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Chapters 12-13

posted Nov 01, 2011 19:02:40 by
At the end of Part I, Obierika contemplates his society. What issues does he consider? What conclusion does he reach? Why might Achebe end Part I with this contemplation? Are there any traditions or belief in American culture that confound you? Why?
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5 replies
TOMM04 said Nov 01, 2011 22:11:24
Prior to his contemplations, Obierka is part of the group of men that "cleansed" Okonkwo's property after his gun exploded and killed a sixteen year-old young man. It was a complete accident, yet Okonkwo is exiled from the village for seven years. Obierka is puzzled by the punishment of his friend. He asks himself why someone should suffer such an awful punishment for something that was a complete and utter accident. Achebe's tone is very ominous and foreboding when he writes, "But although he thought for a long time he found no answer...he was merely led into greater complexities" (125). An Ibo questioning his own villages tradition is unheard of, but that is exactly what this highranking and successful man is doing. Achebe is foreshadowing a possible change in Ibo society, and change that will most likely come from European settlers. Because American traditions are so infused in my life, it is hard to find one that jumps out at me, but there are many that would confound foreigners.
SCOT04 said Nov 01, 2011 22:58:10
Like Tom said, Obierka is questioning the village's punishment against someone who has done something accidental. Obierka is not only questioning Ibo society when he does this, but he is also questioning the will of the gods. All of Okonkwo's property must be burned because the village believes that it is the only way for them to cleanse Okonkwo from his accidental sin. Again, the Ibo society believes that they will be punished by the gods for something that an individual did on his own. This idea reminds me of a team or organization's reputation being tarnished because of the actions of one of their members. Achebe is using Obierka as a direct foil to Okonkwo. We all know that Okonkowo hides his feelings and fears weakness. In this chapter Achebe reveals that Obierka has also kept feelings inside of him that are finally coming out at the end of chapter one. The fact that prominent men are starting to question their society shows that they will be open to change when imperialism occurs.
KAR04 said Nov 02, 2011 00:17:49
Obierka contemplates Onkonkwo's expulsion and other Ibo traditions. He is the first character seen to question any Ibo practices, such as the throwing away of twins asking, "what crime had they committed?" (125). His contemplations represent that not all Ibo traditions make sense to the people, however they still adhere to them anyways. He does not reach any conclusions, despite thinking for a long time. The only reasoning he can think of is that if they do not do as the Earth goddess tells them, she would damage the whole community. I think that Achebe used Obierka's contemplations to end part one to demonstrate that the Ibo people do think about their customs, however their fear of the supernatural drives them to abide. He also uses Obierka to represent the potential change. Like Tom, I find it difficult to think of one specific American tradition that is confounding, but I recognize that there are probably many to foreigners.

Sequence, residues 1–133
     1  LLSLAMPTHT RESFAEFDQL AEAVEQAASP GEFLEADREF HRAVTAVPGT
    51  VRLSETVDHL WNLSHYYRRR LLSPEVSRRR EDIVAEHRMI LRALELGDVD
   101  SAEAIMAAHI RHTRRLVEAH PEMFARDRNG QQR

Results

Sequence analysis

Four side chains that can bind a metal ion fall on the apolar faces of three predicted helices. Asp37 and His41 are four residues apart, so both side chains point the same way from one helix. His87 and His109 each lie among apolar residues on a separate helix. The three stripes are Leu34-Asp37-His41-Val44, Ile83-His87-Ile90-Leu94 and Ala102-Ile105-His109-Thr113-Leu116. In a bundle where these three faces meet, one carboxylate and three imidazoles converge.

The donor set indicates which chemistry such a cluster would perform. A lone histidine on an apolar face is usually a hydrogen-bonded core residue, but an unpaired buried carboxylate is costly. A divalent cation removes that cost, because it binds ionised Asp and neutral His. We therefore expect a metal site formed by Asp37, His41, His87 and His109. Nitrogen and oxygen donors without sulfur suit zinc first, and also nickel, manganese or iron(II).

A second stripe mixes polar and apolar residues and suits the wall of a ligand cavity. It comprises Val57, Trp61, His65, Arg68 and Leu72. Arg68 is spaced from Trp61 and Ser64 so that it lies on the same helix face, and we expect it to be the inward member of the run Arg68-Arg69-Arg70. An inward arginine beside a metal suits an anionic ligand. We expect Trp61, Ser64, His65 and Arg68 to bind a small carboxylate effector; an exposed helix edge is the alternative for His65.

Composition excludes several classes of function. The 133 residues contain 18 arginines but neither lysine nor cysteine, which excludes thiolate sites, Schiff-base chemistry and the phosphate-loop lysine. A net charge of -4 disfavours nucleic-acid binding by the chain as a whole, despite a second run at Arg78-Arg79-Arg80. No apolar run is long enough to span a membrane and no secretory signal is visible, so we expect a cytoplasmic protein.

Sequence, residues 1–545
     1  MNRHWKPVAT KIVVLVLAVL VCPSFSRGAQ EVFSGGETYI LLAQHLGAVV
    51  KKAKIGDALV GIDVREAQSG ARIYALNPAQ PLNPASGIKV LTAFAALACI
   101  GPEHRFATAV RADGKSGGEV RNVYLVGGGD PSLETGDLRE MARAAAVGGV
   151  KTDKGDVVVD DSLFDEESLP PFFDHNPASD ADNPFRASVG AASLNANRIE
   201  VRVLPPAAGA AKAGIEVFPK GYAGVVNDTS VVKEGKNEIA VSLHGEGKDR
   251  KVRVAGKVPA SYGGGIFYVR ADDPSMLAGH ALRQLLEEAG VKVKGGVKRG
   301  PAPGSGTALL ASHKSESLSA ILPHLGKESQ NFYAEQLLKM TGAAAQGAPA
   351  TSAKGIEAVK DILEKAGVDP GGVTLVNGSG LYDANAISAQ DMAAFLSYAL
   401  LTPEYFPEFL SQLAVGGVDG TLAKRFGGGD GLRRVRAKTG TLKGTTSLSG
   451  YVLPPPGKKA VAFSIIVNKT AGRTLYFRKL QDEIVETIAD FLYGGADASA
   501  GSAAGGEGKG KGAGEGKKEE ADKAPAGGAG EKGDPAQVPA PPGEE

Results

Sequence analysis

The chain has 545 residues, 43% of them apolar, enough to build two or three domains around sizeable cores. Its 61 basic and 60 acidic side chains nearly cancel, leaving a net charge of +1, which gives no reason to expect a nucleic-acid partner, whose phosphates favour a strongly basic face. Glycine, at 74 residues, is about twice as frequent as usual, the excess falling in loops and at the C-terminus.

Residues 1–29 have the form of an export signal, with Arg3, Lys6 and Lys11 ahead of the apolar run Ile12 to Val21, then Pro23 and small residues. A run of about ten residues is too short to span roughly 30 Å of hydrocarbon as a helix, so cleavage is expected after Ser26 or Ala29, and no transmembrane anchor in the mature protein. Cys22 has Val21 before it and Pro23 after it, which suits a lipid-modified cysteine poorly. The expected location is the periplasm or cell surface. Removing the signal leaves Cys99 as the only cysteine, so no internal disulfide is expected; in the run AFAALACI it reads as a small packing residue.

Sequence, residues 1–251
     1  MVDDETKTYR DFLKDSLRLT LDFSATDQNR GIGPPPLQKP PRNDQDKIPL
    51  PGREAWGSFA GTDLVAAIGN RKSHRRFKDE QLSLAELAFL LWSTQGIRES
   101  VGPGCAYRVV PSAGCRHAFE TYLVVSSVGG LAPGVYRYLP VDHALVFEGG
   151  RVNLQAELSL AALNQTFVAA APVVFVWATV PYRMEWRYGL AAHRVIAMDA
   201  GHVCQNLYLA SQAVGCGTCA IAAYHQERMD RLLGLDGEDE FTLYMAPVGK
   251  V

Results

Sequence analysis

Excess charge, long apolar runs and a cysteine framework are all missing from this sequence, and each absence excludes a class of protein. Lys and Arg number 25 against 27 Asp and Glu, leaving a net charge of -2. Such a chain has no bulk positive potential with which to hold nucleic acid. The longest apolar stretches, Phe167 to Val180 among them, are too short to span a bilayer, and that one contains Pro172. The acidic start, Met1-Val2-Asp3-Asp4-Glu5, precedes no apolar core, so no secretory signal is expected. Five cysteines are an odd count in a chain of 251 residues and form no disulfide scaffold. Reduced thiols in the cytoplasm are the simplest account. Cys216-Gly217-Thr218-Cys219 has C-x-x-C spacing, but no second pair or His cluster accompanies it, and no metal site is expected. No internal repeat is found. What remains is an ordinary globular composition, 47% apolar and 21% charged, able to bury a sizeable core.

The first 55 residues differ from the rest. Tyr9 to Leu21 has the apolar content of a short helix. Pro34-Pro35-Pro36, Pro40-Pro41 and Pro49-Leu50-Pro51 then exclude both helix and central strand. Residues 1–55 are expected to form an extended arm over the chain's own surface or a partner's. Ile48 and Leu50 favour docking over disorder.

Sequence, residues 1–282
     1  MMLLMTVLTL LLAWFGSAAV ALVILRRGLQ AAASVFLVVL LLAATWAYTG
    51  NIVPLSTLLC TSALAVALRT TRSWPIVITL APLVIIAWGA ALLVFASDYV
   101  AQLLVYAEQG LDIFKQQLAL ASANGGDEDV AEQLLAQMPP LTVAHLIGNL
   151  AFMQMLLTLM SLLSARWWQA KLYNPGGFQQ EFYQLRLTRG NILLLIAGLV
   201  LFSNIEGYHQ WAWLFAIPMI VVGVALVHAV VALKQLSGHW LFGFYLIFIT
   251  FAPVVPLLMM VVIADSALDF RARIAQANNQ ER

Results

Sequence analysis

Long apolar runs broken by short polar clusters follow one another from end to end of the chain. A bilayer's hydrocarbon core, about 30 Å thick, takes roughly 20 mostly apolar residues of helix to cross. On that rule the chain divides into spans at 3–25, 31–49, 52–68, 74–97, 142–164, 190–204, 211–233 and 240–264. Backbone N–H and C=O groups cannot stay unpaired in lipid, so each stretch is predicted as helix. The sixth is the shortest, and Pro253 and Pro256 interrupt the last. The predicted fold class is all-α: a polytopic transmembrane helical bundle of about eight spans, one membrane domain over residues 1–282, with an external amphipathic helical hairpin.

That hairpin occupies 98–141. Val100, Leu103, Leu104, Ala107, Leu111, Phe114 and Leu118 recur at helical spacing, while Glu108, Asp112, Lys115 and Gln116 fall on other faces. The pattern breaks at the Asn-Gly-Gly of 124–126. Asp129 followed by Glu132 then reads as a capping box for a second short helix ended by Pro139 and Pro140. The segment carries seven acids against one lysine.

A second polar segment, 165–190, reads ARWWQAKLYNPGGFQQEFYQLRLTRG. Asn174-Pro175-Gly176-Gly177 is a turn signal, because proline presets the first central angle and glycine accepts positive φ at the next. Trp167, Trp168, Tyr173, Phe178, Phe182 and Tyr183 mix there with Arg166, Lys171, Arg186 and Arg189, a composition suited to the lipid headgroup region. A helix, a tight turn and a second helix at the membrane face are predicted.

BRENDAN04 said Nov 02, 2011 01:40:17
At the conclusion of part 1, Obierika is contemplating about the morality in the customs of Ibo society. He questions the banishment of Okonkwo from the tribe for seven years, because of an accidental killing caused by a malfunctioning gun. He wonders how it is possible for someone to be punished so heavily for an accident. His contemplation on Oknokwo's situation, leads to Obierika questioning more rituals of Ibo society. He recalls the throwing away of his twins into the Evil Forest, and wonders what had the twins done to recieve an early death. Even though he wonders about Ibo traditions for a long time, Obierka "found no answer", and as Thomas said, his thoughts only led to more complications. Through his thoughts, we see the rebellious side and the want for change welling up inside Obierika. I always thought that in American culture, sending someone to jail for involuntary manslaughter, which is the accidental killing of another person, was astounding and insane. Even though this is the same exact problem that Obierika is questioning, it nevertheless bothers me that some one can be put in jail for something that is not their fault.
MOLLY04 said Nov 02, 2011 11:13:48
At the end of part 1, Obierika finds himself questioning the traditions of the Ibo society. He is puzzled over the tradition that Okonkwo must leave the village for 7 years because he accidentally killed a 16 year-old member of society. Although Obierika does not actually agree with the tradition, he does nothing about his feelings and destroys Okonkwo's land because challenging the traditions of the Ibo was unheard of and led to consequences. Yet Obierika's contemplation of Okonkwo's punishment suggests a change in the Ibo society or rebellion. Achebe could be foreshadowing that colonization is heading for the Ibos. Like mentioned before, it is difficult to find one example of similarity in America but some of our traditions may seem ridiculous to foreigners.
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